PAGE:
Wrath: Aeon Of Ruin review: sometimes the old FPS ways can still work

I’ve had to look up…. goddamn it, hang on. I’ve had to look up Wrath Colon Aeon Of Ruin every day to remember its utter nothing of a name. Such a weak title deserves a much worse game, but this captures the feeling of its late 90s FPS influences as they actually were, and ends up just familiar enough to work, and just original enough to refresh the formula. At times, it’s a little too accurate, but even with its annoyances dialled up by the pressure of playing it too hard for the sake of review, I’m impressed with the balancing act it’s struck.

Age Of Wrath is most obviously inspired by Quake (I’d argue more Quake 2, right down to the biomechanical grunt lads who fill the role that’s just a touch above cannon fodder right to the end), but there’s a hint of Unreal too, especially in the first of its three worlds with its palette of muted metallic blues and soggy green-greys. Even Exhumed gets a shout in the sandy tombs and snotmonster temples of world two, before the well-realised but conceptually kind of disappointing finale in Hell. There are touches of story in semi-secret text scrolls, and a spirit guide who says some things that even the writer probably doesn’t remember when you return to each world’s hub between levels.

But the story and setting matter as little as they get in the way. You’re here to shoot weird monsters with cool weapons in elaborate, demi-realistic places full of optional secrets, and Aeon: Rage Of Ever absolutely delivers. The standard FPS arsenal is here, with a weak but accurate pistol, chaingun, railgun, and eventually fancy energy weapons reserved for the biggest lads or trivialising a swarm of lessers. There are thematic twists, too, like the “grenade” launcher that fires sticky cysts of evil snot like Unreal’s bio-rifle, and the crystal cannon that turns victims into purple statues. Weapons are a strange case of being functionally standard but feel good and varied enough for the lack of oddball options to matter.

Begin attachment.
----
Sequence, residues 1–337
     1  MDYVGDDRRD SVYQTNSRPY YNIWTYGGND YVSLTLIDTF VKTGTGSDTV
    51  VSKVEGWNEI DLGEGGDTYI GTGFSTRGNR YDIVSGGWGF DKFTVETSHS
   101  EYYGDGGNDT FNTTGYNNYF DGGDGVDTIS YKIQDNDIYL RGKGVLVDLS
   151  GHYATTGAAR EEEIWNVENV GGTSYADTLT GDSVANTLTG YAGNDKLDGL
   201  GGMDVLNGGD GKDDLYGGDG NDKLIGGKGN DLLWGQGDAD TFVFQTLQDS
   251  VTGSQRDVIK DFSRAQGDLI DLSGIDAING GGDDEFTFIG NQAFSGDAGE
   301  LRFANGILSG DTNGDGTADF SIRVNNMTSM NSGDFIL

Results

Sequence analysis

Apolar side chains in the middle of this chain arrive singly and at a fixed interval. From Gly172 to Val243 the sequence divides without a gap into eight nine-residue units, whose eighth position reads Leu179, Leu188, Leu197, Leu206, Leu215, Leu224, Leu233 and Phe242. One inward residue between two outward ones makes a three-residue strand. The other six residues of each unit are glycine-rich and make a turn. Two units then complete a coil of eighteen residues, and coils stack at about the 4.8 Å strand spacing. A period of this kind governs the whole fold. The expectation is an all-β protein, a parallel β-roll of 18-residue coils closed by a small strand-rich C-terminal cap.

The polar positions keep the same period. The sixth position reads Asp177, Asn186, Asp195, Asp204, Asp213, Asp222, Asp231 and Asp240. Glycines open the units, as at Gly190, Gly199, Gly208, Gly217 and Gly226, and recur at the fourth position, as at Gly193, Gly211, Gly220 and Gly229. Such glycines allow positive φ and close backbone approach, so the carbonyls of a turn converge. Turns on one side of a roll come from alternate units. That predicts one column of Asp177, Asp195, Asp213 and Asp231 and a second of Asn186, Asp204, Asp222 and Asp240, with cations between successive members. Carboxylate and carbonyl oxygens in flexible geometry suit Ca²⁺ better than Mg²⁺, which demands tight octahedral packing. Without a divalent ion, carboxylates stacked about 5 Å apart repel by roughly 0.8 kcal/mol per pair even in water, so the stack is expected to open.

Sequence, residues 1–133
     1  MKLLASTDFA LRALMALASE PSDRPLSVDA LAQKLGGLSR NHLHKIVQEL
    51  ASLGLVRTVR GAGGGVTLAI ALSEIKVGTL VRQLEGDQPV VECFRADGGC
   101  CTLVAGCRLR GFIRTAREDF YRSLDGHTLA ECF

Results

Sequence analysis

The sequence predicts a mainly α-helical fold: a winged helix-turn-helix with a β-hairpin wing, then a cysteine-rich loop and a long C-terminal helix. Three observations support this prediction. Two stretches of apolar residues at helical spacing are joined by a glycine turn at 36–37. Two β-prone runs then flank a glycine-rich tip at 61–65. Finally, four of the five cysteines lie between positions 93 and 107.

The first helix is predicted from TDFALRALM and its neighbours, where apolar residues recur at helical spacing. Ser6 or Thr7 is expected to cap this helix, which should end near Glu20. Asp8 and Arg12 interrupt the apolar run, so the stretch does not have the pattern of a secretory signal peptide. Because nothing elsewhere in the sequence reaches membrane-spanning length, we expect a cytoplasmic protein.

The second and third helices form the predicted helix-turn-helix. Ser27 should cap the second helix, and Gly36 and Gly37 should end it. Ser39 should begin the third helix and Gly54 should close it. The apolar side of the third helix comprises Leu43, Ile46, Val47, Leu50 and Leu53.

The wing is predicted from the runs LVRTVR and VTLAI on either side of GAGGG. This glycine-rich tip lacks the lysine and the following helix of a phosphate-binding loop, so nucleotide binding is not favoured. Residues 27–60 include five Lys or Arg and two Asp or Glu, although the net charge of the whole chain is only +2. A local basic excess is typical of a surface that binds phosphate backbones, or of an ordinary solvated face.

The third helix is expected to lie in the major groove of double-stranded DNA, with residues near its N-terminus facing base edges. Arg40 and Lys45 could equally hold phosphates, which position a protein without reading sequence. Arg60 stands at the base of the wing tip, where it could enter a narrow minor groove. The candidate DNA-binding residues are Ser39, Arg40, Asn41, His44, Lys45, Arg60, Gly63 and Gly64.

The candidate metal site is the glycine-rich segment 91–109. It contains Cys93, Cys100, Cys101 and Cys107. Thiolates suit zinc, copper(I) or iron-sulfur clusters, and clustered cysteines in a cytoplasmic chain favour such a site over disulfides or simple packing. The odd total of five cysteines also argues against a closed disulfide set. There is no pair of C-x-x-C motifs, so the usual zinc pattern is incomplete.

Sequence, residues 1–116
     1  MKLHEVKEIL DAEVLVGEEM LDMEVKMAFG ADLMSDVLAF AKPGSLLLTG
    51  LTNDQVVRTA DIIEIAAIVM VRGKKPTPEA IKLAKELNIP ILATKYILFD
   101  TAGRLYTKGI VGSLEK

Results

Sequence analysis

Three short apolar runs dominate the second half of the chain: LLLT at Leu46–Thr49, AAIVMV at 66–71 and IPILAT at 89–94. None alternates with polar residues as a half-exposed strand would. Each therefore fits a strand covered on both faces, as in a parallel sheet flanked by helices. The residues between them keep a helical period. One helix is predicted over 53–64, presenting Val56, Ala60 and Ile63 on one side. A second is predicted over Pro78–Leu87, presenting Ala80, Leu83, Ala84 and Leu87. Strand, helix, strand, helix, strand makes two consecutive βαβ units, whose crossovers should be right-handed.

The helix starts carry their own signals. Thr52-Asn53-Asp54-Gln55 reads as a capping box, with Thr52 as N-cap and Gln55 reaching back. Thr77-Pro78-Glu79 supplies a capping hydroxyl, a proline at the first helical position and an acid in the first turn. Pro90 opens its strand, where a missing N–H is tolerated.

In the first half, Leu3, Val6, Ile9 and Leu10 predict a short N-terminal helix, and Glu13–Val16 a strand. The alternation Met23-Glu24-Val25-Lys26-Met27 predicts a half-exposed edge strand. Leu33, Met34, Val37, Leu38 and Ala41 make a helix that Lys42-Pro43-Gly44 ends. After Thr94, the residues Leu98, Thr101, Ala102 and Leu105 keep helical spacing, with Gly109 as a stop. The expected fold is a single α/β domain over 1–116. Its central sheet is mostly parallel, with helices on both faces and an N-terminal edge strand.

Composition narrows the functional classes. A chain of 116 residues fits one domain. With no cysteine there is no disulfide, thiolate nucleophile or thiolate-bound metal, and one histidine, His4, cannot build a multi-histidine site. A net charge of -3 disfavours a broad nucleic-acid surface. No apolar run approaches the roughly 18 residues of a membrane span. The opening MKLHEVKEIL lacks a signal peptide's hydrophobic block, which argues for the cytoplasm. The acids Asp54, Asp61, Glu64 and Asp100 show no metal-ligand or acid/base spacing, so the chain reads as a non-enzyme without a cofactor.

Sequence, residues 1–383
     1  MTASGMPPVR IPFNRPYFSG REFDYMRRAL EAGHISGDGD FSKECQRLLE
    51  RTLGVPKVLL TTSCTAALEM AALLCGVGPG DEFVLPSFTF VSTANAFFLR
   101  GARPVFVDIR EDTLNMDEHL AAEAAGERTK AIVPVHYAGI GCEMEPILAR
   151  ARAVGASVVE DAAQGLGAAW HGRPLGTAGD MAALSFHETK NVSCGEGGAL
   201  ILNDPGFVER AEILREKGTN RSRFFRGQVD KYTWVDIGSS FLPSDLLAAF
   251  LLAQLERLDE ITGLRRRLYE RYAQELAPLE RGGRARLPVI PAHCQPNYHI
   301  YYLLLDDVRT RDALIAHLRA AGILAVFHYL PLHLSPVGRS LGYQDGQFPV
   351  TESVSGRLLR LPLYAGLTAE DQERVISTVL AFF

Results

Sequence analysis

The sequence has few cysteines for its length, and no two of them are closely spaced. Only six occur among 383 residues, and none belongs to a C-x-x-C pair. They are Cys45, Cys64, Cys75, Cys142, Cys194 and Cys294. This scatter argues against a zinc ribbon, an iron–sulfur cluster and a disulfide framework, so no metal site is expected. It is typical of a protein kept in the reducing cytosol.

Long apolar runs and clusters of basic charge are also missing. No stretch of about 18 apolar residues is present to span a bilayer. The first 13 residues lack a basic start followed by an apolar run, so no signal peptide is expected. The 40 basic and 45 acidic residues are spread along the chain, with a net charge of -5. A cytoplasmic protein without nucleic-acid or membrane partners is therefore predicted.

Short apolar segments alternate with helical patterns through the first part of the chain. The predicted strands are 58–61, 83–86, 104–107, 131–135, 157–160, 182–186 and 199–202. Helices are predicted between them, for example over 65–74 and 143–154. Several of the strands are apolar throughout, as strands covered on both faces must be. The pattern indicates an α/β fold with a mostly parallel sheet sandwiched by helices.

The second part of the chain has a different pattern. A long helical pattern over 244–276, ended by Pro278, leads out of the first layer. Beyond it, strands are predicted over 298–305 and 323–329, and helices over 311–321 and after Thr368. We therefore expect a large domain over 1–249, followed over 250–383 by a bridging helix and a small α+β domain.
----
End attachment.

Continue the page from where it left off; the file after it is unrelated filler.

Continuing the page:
A screenshot from Wrath: Aeon Of Ruin that shows an energy weapon pointed at a crystalline monster.
Image credit: Rock Paper Shotgun/3D Realms/Fulqrum Publishing

If the shotgun is still the measure of a good FPS, Fury Ruined Colon delivers again. It’s powerful and enough of a workhorse that the couple of levels that starve you of shells only make it shine all the more brightly. The delay between shots is just enough to make for panicky moments when you miss or it’s not done enough damage, and its alternative fire is a long-ish range rocket/flak hybrid launcher that punches way above its apparent weight, but takes skill to time and aim properly. Best of all, right clicking and releasing before it fires make a little chak-chik sound without spending any ammo. Yes thank you I will take some stimming with my stimming.

Skill is really the key here too, as each of the game’s monsters and weapons has distinctive behaviour and patterns that complement your competency. They’re initially frustrating, then an acceptable challenge, then opportunities to experiment with new gun combinations, and finally you’ll integrate their deaths into the rhythm of the wider gunfights you’re in. Ammunition is also exceptionally well balanced, as you’ll always have enough for several viable options, but little enough that you have to rotate regularly and thus learn the ins and outs of every gun and enemy. You’d think the invisible spiders were the annoying enemy, but I retain a deep hatred of the little electric-eyeball-launching robot things who explode on death. You will hear their buzzing, infinite vision attacks early and IT WILL NEVER CEASE.